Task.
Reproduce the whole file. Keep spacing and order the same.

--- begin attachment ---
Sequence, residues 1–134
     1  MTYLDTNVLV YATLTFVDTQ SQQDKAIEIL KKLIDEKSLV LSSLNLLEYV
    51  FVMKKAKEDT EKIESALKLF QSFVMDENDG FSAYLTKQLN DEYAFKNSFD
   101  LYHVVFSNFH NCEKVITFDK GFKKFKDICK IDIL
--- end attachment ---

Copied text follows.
Sequence, residues 1–134
     1  MTYLDTNVLV YATLTFVDTQ SQQDKAIEIL KKLIDEKSLV LSSLNLLEYV
    51  FVMKKAKEDT EKIESALKLF QSFVMDENDG FSAYLTKQLN DEYAFKNSFD
   101  LYHVVFSNFH NCEKVITFDK GFKKFKDICK IDIL